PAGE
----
If the landlord's and council are happy, there is still the problem of educating the British public to the idea of the clubs. "Our experience is that the these clubs take a while to take-off because people are getting used to them. But, it's possible that as the market matures then new openings will mature more quickly," says Watson.
Ultimately, whether Spearmint Rhino will succeed in its goal of UK domination remains to be seen. Some agents are still very sceptical that the whole lap-dancing scene will be able to cope with this type of growth. As Ian McPhillips of Birmingham-based agents BK, who acts for the Legs 11 clubs, says: "My feeling is that the bubble will eventually burst." For the time being, however, it seems that the public's interest in the clubs - for whatever reason - will continue unabated, and it is matched by Whitehouse's determination to expand.
As part of it's expansion plans, Spearmint Rhino's vice-president of operations, Philip Whitehouse, says the group wants to open 100 additional clubs across the UK. Six clubs are already open in Birmingham, Bournemouth, Harrogate, Heathrow, London, and Uxbridge in London, with one still to be open in Hull, while seven leases have been signed.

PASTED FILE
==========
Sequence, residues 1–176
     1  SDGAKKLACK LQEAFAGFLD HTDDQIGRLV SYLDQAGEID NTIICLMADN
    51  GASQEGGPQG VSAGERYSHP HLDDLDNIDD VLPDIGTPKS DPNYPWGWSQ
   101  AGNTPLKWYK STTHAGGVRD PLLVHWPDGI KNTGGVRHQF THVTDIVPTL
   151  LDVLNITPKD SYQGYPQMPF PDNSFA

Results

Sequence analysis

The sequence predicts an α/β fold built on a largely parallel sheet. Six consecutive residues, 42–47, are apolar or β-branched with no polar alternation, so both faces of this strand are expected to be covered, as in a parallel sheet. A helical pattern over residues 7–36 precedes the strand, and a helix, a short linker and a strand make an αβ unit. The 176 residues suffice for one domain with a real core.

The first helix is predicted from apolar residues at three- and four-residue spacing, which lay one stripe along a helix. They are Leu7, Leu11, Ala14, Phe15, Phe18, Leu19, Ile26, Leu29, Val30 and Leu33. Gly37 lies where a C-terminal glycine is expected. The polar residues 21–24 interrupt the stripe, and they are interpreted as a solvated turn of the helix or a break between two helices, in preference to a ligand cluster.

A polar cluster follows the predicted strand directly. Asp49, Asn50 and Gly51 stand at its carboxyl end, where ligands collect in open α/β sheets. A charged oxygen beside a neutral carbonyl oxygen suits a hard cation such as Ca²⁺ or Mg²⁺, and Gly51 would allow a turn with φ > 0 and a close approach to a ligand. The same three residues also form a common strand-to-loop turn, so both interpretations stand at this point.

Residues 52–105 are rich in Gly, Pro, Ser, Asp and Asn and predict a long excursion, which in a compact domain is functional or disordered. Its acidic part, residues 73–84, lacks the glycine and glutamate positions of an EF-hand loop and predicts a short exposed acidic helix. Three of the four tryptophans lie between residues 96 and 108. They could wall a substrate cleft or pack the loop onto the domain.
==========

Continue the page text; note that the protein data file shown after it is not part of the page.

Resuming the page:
Whitehouse won't say where the new leases are, only revealing that two will be in Leeds. He did, however, list some of the towns and cities where he wants to bring the Spearmint Rhino experience.
These include: Aberdeen, Blackpool, Brighton, Bristol, Belfast, Cardiff, Crawley, Dublin, Edinburgh, Glasgow, Hull, Leeds, Milton Keynes and Sheffield.
But potential agents in these areas need not apply to help them achieve their goal. Putting it bluntly, Whitehouse states: "We don't use agents and we don't have any nominated agents."
Licensed and Leisure Property Supplement, Spring 2002
A joint supplement by Estates Gazette and Caterer & Hotelkeeper magazine